‘Meetings for better understanding’ (MBU)* are not debates. Any public criticism of either the Muslim or Christian religion is not encouraged since that would lead to arguments which are not productive. Nor am I proposing dialogues, in the sense that the word is used by liberal ecumenical gatherings.
Contrary to them, our aim is not for either side to compromise its message or mix the two faiths. MBUs simply promote a mutual understanding of what Muslims and Christians believe. This happens both publicly and after the formal part is over, on a personal basis when members of the two faiths can get to know each other. This has resulted in more open relationships. Perhaps the best thing is that Muslims are willing to come to listen to what the Bible has to say on chosen topics. After all, the Imam, their local leader, has given his approval to the gatherings. Numerous times participants have gone away with individual invitations to meet again on a more private basis to continue the conversation.
The following rules to the meeting ought to be observed:
- Each speaker has 20 minutes to speak on the topic and should speak only on that topic.
- A 45 minute question-and-answer period is held after both speakers have presented their messages. Questions should be written down and are to be kept on the topic. They should not be statements of the views of the questioners. Questions can be directed to one or both of the speakers. Each speaker may follow up on the answer of the other speaker once. Other questions that are of personal interest but not related to the topic may be discussed in individual conversations after the formal sessions.
- The meetings should be moderated to ensure that the above guidelines are followed. The moderator for each meeting is to be chosen by the group that hosts the meeting.
- There should be ample time after the formal meeting for people to meet personally with members of the other faith. Refreshments may be served either before or after the question-and-answer session.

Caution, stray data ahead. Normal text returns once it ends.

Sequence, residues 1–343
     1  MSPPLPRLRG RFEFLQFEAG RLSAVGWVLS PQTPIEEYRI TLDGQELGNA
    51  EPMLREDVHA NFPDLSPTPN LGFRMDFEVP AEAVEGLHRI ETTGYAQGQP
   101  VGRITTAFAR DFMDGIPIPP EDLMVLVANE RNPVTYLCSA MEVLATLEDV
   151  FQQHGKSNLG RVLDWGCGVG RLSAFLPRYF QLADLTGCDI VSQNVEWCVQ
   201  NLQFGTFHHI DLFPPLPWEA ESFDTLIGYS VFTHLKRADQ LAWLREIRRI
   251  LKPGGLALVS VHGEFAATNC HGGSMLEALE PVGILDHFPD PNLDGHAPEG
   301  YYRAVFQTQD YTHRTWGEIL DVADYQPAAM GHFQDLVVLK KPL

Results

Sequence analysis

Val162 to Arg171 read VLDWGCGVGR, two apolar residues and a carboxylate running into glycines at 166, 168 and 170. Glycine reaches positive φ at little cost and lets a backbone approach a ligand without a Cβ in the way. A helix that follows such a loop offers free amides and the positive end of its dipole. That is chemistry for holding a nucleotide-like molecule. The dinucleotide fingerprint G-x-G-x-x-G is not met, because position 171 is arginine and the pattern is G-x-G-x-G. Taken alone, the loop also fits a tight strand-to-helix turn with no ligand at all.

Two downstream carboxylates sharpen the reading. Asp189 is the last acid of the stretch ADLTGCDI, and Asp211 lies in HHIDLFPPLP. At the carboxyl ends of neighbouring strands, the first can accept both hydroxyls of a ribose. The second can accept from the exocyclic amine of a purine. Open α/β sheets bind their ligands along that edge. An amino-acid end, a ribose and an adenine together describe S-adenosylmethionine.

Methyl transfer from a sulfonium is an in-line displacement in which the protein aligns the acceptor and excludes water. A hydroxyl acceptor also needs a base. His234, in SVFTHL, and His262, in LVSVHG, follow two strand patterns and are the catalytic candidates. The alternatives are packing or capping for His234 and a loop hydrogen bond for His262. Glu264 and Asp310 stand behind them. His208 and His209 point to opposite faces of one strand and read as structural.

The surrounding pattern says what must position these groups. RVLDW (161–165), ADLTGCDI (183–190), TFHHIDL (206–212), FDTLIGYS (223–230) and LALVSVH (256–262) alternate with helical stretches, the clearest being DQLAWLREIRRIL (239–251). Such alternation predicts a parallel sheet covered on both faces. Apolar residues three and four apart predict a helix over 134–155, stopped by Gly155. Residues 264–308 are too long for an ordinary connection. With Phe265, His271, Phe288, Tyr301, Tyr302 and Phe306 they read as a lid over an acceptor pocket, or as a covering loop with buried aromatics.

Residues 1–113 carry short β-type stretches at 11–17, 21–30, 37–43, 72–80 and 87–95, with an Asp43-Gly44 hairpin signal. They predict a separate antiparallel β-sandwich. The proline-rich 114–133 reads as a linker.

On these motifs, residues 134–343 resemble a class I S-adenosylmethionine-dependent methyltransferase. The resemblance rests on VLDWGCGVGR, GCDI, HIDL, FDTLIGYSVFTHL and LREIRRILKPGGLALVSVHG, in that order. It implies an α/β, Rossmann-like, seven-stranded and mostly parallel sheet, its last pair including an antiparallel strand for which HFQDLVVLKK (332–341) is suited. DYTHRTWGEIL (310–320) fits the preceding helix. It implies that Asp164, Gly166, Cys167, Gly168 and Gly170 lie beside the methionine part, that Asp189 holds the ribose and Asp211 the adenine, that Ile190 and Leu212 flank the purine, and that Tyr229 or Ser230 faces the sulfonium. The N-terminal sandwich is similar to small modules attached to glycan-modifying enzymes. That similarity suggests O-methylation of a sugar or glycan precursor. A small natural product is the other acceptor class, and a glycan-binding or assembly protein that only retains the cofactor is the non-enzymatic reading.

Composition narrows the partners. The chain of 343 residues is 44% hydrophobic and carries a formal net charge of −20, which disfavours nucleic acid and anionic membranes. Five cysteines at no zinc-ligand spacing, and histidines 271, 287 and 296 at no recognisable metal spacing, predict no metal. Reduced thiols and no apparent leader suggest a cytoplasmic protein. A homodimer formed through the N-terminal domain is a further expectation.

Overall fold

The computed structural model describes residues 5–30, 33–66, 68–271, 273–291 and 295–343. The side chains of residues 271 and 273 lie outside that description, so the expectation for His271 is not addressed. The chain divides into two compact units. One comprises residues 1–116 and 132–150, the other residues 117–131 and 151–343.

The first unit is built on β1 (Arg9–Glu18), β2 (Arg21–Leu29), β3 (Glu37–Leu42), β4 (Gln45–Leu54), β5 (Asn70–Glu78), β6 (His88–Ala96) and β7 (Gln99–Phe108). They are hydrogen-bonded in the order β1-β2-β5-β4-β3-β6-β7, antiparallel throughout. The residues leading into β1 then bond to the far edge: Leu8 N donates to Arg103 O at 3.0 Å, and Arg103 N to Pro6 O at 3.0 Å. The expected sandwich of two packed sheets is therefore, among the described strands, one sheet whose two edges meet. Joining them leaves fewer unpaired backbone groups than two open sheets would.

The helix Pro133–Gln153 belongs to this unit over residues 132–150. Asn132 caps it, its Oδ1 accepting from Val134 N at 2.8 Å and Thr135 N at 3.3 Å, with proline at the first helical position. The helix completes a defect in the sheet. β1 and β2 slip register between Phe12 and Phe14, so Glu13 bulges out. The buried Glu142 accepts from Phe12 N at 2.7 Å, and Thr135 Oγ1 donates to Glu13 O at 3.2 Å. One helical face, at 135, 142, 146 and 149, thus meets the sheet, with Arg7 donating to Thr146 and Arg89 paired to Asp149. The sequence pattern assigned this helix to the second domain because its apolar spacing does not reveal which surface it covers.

- A series of meetings should be held regularly, every month or so.
- Topics can be classified as either theological or social. One can alternate between the two categories from meeting to meeting if you are holding a series.
Muslims and Christians explain what their books, the Qur’an and the Bible, teach about the following issues:
|Theological and doctrinal topics||Social topics – ‘Christian living’ and ‘Islamic living’|
|The unity of God||Religion in daily life|
|Who is Jesus Christ?||Morality|
|The Bible and the Qur’an, their inspiration and origins||Family life: husband-wife-child relationships|
|Humanity’s relationship to God||Marriage, divorce, and remarriage|
|What is sin, and how is it to be dealt with?||How do race and colour affect religion?|
|What is a prophet, and who are the prophets?||The role of men and women in life, according to religion|
|The attributes of God||Human rights|
|Prayer and fasting||How to raise teenagers in a secular society|
|Law and grace||Principles of friendship and neighbourhood responsibility|
|The death of Jesus on the cross||How to live out your religion in British culture|
|Images in religion||What the Bible and the Qur’an teach about slavery|
|What constitutes a true believer?||The unity of the human race|
|Worship – what and how?||Why is there so much corruption in the world today?|
|The Day of Judgment||How can Christians and Muslims work together for good?|
|The purpose of life||Hospitality|
|What are the requirements of going to Paradise/Heaven?||Goodness, godliness|
|What is the Church/Ummah?||Honesty|
|What is repentance?|
Venues and hosting
‘Meetings for Better Understanding’ are held in mosques, neutral halls or private homes. In the case of the latter, the gatherings are much smaller and usually accompanied by the eating of halal food.
This article was originally published in 2010 for A Passion For Life’s Ideas for Mission. For more information please contact the ABC (Applied Biblical Christianity) or visit https://aboutabc.org
* ‘Meeting for Better Understanding’ and ‘MBU’ are copyright terms and may not be reproduced without permission in writing from an ABC coordinator.